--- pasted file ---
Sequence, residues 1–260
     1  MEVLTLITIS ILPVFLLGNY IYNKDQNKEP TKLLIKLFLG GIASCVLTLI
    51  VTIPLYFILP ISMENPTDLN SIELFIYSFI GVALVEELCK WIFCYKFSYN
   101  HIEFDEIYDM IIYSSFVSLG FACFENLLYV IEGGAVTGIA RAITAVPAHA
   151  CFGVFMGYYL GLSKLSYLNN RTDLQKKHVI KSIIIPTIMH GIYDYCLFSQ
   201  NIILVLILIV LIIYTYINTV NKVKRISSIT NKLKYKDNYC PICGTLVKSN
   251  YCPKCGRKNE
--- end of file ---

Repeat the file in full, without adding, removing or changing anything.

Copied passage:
Sequence, residues 1–260
     1  MEVLTLITIS ILPVFLLGNY IYNKDQNKEP TKLLIKLFLG GIASCVLTLI
    51  VTIPLYFILP ISMENPTDLN SIELFIYSFI GVALVEELCK WIFCYKFSYN
   101  HIEFDEIYDM IIYSSFVSLG FACFENLLYV IEGGAVTGIA RAITAVPAHA
   151  CFGVFMGYYL GLSKLSYLNN RTDLQKKHVI KSIIIPTIMH GIYDYCLFSQ
   201  NIILVLILIV LIIYTYINTV NKVKRISSIT NKLKYKDNYC PICGTLVKSN
   251  YCPKCGRKNE